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intro

[in-troh]
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noun, plural in·tros. Informal.
  1. an introduction.
  2. the introductory passage of a piece for a jazz or dance band.
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Origin of intro

First recorded in 1895–1900; shortening of introduction

intro-

  1. a prefix, meaning “inwardly,” “within,” occurring in loanwords from Latin (introspection); occasionally used in the formation of new words (introjection).
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Compare intra-.

Origin of intro-

< Latin, representing intrō (adv.) inwardly, within

intro.

or introd

  1. introduce.
  2. introduced.
  3. introducing.
  4. introduction.
  5. introductory.
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Dictionary.com Unabridged Based on the Random House Unabridged Dictionary, © Random House, Inc. 2018

Related Words for intro

debut, installation, opening, addition, presentation, inauguration, launch, initiation, preface, establishment, influx, introduction, prologue, foreword, begin, institute, trigger, inaugurate, open, commence

Examples from the Web for intro

Contemporary Examples of intro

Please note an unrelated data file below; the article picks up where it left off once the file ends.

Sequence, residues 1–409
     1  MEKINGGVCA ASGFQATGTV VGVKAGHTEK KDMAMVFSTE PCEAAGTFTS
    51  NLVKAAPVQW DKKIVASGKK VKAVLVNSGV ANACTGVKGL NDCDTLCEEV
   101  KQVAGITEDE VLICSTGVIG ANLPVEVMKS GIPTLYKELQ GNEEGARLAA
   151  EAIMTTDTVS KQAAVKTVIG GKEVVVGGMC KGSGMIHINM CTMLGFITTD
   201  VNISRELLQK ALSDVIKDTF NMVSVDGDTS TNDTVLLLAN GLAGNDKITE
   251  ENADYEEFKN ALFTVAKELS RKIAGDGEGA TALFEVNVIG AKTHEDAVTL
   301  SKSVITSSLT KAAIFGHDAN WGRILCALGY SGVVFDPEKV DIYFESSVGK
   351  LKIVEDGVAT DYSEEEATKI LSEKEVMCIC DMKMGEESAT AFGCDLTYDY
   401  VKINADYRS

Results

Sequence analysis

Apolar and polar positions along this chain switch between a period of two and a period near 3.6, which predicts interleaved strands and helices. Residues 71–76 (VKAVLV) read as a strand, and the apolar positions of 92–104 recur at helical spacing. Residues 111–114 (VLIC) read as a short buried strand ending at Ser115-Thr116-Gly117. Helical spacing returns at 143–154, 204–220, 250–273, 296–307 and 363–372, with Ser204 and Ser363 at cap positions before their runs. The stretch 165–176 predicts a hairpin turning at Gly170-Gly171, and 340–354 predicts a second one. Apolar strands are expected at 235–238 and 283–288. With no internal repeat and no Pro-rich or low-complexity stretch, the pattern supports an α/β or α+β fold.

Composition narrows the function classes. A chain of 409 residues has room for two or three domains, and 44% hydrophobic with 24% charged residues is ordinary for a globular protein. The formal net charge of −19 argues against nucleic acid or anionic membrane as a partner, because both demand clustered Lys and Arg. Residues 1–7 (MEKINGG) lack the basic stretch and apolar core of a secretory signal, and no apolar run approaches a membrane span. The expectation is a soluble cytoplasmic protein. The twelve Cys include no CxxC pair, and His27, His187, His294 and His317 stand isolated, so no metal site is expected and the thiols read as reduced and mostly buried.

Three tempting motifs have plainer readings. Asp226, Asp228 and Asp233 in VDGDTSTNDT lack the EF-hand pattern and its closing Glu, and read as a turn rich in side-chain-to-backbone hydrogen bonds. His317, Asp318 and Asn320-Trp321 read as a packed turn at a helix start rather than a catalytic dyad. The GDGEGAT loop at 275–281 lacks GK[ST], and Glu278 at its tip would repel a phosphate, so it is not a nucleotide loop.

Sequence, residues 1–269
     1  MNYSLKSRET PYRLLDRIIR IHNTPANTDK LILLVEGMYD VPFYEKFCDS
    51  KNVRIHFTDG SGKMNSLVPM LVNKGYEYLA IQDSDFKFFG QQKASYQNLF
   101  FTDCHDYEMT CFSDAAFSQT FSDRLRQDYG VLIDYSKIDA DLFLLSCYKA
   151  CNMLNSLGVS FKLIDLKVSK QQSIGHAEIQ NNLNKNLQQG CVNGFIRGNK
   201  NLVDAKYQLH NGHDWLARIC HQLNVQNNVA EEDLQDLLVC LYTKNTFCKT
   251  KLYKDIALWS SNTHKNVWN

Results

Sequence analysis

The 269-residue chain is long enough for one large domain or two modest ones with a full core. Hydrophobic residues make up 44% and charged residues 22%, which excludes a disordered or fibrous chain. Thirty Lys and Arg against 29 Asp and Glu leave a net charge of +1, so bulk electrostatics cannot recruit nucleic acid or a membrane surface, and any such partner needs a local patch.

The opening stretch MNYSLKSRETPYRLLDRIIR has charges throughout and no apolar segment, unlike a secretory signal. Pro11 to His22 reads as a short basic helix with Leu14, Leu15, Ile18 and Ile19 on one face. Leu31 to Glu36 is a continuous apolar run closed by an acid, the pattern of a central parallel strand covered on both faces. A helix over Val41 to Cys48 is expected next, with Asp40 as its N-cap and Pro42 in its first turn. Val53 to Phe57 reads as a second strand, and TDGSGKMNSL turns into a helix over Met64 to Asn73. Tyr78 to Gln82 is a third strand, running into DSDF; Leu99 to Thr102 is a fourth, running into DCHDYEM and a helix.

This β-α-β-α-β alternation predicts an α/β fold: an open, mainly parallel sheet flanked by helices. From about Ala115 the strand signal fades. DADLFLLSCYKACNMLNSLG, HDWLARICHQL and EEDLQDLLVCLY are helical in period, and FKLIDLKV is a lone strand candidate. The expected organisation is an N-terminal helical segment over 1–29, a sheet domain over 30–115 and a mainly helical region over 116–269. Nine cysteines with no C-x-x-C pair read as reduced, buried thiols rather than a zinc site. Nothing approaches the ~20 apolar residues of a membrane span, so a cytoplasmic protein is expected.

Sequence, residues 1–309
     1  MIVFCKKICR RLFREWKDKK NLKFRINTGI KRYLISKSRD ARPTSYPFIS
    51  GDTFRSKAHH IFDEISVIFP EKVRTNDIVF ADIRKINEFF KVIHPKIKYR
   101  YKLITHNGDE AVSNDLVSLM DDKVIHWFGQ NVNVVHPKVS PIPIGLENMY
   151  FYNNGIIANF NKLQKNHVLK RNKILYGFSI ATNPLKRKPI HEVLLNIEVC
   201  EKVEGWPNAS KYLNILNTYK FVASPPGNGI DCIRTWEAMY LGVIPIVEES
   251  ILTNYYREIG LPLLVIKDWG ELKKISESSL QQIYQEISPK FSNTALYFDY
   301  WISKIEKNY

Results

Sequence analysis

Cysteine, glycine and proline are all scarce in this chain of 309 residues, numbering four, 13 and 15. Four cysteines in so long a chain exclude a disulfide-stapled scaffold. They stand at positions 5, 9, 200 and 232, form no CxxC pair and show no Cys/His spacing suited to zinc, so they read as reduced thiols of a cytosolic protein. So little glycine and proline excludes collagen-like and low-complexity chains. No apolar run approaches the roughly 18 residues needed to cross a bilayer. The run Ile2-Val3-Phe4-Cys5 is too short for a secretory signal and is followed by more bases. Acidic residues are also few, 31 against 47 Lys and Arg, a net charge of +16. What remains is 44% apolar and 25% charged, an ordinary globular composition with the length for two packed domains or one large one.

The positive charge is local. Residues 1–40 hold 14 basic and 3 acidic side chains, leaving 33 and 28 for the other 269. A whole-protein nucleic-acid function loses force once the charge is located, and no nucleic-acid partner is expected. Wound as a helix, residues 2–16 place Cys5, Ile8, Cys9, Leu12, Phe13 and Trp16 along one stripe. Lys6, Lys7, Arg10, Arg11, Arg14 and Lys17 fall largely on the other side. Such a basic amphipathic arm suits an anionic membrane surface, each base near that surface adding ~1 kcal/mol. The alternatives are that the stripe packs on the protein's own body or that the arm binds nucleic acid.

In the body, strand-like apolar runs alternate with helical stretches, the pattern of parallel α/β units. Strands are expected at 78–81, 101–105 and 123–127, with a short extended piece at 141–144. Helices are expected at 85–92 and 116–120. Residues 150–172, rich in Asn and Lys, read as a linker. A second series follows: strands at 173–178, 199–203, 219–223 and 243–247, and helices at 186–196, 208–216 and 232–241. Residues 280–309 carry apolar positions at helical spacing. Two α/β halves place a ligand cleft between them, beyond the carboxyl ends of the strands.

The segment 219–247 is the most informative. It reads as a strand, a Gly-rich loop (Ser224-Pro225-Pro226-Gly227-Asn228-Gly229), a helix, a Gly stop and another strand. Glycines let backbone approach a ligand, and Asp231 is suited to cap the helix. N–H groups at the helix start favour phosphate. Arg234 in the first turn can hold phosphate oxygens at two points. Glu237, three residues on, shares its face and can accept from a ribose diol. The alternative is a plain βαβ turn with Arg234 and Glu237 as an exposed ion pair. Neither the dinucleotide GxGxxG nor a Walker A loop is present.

Historical Examples of intro


British Dictionary definitions for intro

intro

noun plural -tros
  1. informal short for introduction
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intro-

prefix
  1. in, into, or inwardintrovert
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Word Origin for intro-

from Latin intrō towards the inside, inwardly, within

intro.

introd.

abbreviation for
  1. introduction
  2. introductory
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Collins English Dictionary - Complete & Unabridged 2012 Digital Edition © William Collins Sons & Co. Ltd. 1979, 1986 © HarperCollins Publishers 1998, 2000, 2003, 2005, 2006, 2007, 2009, 2012

Word Origin and History for intro

n.

short for introduction, attested from 1923.

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intro-

word-forming element, from Latin intro "on the inside, within, to the inside," from PIE *en-t(e)ro-, suffixed form of preposition *en "in" (see in).

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Online Etymology Dictionary, © 2010 Douglas Harper

intro in Medicine

intro-

pref.
  1. In; into:intromission.
  2. Inward:introspection.
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The American Heritage® Stedman's Medical Dictionary Copyright © 2002, 2001, 1995 by Houghton Mifflin Company. Published by Houghton Mifflin Company.